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Patterns of Allozyme Diversity in the West Indies Cycad Zamia pumila (Zamiaceae)
Terrence W. Walters and Deena S. Decker-Walters
American Journal of Botany
Vol. 78, No. 3 (Mar., 1991), pp. 436-445
Published by: Botanical Society of America, Inc.
Stable URL: http://www.jstor.org/stable/2444966
Page Count: 10
You can always find the topics here!Topics: Plants, Alleles, Enzymes, Biological taxonomies, Botanical gardens, Botany, Pollen, Gels, Petioles, Taxa
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The West Indies cycad, Zamia pumila, is restricted to the Greater Antilles, northern Bahama Islands, Florida, and the southeastern coast of Georgia. An electrophoretic study based on nine enzymes compared 21 accessions from throughout the range of the species. Lower levels of intrapopulation variation than those reported for ferns, other gymnosperms, and angiosperms were discovered for the two more extensively sampled populations. However, this variation was similar to that found in other island taxa and in the endemic Australian cycad, Macrozamia communis. In contrast, allozyme divergence among accessions of Z. pumila appeared relatively high, mostly as a result of rare alleles restricted in geographic distribution. The age and biogeography of Z. pumila may gave contributed to population differentiation. Also, mean number of alleles per locus was low for the species (1.75). Finally, the time-since-divergence value (10.8 million years ago) between Z. pumila and its closest extant relative, Z. splendens, was much smaller than the age of Z. pumila suggested by the fossil record and historical geology of the Caribbean (30-60 million years ago). Together, these data indicate that biochemical evolution within this species, and perhaps in all cycads, is slow when compared to that of noncycad seed plants.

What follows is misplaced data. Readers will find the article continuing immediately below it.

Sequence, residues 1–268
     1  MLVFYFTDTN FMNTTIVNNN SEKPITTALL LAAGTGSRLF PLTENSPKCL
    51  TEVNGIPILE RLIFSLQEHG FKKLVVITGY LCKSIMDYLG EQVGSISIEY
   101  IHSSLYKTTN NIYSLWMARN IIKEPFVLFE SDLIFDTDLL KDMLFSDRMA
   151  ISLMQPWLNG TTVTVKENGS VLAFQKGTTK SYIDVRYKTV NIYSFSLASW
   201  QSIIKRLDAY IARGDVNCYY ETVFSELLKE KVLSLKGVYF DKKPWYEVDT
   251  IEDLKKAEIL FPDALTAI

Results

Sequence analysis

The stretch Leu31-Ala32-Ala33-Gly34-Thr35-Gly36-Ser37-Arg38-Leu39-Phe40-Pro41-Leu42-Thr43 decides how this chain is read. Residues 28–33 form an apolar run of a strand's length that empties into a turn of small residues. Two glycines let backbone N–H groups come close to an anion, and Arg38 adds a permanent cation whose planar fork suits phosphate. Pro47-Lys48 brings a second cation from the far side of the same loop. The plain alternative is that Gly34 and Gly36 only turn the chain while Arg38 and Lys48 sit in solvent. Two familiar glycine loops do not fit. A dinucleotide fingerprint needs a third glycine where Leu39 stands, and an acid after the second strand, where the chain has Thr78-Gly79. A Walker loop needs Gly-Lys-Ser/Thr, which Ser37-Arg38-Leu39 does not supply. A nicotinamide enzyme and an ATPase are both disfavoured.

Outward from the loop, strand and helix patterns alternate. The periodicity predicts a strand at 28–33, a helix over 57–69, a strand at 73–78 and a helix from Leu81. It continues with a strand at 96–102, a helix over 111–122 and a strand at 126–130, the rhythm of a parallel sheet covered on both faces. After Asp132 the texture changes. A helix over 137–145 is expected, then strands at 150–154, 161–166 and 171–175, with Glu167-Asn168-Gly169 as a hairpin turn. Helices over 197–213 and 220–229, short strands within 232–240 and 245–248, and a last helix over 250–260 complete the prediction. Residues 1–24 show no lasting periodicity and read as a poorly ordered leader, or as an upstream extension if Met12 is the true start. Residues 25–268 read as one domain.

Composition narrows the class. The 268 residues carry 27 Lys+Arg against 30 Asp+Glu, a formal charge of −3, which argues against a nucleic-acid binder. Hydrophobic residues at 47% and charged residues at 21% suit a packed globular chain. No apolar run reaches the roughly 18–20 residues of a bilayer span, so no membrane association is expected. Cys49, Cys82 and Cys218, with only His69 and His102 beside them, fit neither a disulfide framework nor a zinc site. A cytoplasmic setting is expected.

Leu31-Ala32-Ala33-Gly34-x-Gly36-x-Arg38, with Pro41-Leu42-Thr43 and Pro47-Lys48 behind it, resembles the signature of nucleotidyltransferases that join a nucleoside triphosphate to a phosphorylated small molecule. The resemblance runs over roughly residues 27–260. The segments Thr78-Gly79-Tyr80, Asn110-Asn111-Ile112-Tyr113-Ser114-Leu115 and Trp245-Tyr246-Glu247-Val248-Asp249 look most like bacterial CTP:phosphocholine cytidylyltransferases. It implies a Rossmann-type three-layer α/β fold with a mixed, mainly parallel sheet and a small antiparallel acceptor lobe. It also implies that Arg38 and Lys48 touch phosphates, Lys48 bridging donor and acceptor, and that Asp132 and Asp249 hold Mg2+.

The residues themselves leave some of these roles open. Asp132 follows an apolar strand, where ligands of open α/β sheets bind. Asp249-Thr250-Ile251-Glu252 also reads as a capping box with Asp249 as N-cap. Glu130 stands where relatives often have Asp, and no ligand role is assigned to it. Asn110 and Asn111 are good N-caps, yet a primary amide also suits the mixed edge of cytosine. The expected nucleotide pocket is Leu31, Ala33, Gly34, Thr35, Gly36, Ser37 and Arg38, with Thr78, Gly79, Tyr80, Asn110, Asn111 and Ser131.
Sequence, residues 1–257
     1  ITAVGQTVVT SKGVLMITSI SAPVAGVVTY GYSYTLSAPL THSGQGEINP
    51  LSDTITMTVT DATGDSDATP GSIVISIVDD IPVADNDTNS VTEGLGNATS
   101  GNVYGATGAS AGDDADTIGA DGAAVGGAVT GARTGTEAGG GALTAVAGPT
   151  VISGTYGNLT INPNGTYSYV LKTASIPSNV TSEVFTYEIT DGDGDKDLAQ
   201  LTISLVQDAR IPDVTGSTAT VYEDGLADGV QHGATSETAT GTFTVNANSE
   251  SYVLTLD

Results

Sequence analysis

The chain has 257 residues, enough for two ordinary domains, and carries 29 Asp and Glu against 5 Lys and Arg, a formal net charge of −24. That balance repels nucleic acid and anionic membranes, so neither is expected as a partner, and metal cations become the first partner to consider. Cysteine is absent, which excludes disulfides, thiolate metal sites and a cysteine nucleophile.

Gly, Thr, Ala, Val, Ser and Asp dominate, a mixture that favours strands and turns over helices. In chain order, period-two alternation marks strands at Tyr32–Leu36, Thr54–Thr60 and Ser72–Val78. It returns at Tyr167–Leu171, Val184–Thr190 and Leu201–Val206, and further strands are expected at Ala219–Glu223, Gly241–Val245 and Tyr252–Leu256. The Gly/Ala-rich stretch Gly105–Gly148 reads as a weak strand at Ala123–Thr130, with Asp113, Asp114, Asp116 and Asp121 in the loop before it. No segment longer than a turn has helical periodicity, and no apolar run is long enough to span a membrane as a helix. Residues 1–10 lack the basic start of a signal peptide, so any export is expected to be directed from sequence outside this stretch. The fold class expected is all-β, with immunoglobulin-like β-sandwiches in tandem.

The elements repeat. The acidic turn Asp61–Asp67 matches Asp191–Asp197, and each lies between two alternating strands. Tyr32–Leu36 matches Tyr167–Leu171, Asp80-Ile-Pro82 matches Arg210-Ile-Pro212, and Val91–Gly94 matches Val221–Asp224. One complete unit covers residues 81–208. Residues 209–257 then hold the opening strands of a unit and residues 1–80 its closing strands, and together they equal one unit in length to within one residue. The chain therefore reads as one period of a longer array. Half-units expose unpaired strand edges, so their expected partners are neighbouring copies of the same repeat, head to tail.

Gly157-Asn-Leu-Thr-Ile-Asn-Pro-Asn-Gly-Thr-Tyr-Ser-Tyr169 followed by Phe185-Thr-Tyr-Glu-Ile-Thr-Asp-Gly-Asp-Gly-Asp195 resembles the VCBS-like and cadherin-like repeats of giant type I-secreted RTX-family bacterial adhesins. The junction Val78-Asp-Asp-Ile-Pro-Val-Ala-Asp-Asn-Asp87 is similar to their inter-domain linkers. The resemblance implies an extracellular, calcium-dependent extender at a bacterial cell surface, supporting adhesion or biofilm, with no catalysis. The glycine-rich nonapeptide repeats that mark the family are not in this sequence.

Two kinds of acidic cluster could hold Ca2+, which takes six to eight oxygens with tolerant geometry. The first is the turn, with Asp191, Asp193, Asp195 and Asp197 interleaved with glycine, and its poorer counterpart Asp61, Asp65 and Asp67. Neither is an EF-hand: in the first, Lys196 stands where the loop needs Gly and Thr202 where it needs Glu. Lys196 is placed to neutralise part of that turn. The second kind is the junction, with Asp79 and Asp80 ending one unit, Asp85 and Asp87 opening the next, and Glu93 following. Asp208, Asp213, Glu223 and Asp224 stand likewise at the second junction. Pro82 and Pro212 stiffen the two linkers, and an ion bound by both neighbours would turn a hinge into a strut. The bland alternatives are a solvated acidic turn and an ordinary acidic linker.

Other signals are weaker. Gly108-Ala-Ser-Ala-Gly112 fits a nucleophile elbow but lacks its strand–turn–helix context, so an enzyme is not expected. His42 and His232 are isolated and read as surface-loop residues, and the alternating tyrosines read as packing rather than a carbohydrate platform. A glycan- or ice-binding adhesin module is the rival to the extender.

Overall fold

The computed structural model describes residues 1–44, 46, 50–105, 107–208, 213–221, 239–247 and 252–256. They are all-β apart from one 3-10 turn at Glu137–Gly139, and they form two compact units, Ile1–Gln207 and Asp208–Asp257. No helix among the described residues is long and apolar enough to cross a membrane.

American Journal of Botany © 1991 Botanical Society of America, Inc.